The smaller beribboned trophy on the left-hand side of the table was Charlie’s to keep and in the centre of the photograph is the framed certificate that Charlie received from the sponsors acclaiming him the winner for 1930. Other medals, probably associated with the earlier rounds of the tournament are also on display.
The gentleman on the left of the photograph would be the proud licensee of the Shakespeare’s Head probably William Harry Witts. The names of the two cheeky faces looking out of the window in the photo have, sadly, been lost to history.
The cartoon (above) is an extract taken from the celebratory cartoon featured in the News of the World on Sunday 11th May 1930, the day after Charlie Bowley’s victory. (Cartoon © News of the World. Used with permission.)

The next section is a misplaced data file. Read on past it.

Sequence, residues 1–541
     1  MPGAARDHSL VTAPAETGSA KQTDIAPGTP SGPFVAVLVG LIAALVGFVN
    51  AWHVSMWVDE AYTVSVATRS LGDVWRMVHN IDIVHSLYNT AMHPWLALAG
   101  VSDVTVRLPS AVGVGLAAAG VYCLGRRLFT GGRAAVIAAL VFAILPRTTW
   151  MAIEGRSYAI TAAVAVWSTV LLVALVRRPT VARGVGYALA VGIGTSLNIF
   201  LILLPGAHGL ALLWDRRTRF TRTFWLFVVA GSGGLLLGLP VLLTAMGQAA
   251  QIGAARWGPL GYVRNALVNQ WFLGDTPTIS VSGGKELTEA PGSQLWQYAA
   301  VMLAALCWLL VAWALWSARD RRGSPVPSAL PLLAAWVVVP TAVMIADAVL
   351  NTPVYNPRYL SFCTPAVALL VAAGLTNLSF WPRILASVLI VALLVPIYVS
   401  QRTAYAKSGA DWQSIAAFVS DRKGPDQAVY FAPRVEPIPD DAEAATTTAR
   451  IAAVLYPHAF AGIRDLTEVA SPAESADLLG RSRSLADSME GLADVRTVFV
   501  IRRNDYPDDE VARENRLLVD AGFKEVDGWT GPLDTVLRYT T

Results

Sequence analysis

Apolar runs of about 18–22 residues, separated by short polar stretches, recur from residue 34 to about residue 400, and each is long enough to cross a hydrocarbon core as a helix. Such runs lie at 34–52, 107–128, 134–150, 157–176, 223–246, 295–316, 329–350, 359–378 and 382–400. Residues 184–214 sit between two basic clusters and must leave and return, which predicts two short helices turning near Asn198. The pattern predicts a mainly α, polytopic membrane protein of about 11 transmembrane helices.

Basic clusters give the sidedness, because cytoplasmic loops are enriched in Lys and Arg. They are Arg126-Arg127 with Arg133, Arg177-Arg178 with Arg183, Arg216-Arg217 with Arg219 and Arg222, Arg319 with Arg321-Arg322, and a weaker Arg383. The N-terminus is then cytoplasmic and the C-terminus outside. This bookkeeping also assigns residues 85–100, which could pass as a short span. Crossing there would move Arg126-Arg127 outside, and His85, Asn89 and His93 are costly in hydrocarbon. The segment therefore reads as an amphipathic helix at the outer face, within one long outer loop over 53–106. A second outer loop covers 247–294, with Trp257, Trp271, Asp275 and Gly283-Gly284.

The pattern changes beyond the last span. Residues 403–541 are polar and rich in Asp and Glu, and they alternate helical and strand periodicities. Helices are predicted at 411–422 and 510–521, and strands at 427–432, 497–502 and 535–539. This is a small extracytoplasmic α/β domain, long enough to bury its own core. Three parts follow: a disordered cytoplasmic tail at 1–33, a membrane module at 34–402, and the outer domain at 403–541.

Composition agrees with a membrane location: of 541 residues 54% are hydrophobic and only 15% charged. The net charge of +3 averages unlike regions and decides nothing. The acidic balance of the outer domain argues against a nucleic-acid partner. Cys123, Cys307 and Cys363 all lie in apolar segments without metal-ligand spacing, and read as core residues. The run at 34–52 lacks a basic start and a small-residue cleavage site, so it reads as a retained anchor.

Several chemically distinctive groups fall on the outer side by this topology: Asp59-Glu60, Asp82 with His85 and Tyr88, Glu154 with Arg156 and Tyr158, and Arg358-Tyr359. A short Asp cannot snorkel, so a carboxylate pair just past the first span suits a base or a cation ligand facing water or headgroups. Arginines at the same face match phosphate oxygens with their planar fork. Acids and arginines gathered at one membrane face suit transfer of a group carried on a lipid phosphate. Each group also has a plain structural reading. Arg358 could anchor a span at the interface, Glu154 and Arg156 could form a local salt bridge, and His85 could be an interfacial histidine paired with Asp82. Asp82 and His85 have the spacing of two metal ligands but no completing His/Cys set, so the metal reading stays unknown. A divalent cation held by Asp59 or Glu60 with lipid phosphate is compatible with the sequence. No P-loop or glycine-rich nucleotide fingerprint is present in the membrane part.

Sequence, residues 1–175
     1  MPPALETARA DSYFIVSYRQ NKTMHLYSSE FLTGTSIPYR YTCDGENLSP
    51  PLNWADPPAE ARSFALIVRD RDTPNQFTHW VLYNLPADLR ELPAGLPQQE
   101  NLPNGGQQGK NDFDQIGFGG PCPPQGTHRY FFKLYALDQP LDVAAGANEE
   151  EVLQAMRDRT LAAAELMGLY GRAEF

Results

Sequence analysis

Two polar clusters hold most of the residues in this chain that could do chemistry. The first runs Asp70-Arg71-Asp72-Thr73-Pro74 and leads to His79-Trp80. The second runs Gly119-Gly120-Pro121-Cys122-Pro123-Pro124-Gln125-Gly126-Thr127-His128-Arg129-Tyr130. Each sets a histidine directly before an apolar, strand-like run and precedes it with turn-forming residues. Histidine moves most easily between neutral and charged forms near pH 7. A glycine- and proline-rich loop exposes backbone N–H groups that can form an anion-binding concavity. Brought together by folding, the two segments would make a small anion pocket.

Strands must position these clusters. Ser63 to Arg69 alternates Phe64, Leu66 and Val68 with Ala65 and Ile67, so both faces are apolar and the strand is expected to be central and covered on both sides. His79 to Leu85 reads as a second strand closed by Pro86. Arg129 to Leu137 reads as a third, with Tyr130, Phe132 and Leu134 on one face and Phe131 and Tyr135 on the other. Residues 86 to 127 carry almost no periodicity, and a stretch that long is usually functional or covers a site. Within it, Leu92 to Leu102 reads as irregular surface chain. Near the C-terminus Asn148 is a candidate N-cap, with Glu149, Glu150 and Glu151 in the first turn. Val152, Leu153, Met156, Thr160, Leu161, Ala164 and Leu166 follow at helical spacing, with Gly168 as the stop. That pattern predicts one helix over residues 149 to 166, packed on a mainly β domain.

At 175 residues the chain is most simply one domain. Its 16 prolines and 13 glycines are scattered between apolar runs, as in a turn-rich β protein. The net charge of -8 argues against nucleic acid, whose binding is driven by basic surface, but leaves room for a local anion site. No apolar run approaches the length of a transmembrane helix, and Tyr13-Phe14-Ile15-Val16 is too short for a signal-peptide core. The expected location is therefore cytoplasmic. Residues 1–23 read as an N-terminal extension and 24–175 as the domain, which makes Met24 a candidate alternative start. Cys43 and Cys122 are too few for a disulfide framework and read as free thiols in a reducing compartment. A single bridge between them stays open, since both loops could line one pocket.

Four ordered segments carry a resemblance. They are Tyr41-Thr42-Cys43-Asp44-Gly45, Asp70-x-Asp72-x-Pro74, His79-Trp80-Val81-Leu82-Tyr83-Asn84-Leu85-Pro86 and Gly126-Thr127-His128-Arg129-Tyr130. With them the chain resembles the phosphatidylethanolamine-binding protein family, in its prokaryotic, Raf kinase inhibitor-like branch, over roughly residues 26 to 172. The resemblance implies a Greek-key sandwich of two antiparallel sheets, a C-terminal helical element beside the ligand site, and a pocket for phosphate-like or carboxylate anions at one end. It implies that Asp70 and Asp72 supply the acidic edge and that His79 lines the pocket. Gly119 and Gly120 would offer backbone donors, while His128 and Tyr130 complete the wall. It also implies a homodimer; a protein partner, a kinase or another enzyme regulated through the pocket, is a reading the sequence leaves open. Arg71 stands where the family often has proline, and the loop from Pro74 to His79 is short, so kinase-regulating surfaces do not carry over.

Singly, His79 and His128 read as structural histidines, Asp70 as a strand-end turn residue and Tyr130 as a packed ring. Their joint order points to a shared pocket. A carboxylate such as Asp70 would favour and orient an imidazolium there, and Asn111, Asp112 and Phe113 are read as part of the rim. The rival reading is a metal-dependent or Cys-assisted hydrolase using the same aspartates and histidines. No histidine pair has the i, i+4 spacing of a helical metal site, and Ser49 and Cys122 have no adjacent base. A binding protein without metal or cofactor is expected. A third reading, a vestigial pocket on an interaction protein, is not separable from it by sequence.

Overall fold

And so, another year was over for the News of the World individual darts ‘test’ (as it was called back then). The tournament would remain London-only until the 1935/36 season when it was expanded to London and the Home Counties.
A Wales division was established in 1936/37 and a Lancashire division in 1937/38. The latter was extended to Lancashire and Cheshire in the 1938/39 season and that year Yorkshire, North of England and Midland Counties were also added making six Divisions in total.
The Second World War then intervened scotching the News of the World organisers plans to make it a national (England and Wales) tournament. However, this was achieved when the competition resumed at the beginning of the 1947/48 season.
Special thanks to Frank Bowley for information and the image of Charlie at the Shakespeare’s Head and to David King (darts501.com) for ‘repairing’ the photograph.
© 2020 Patrick Chaplin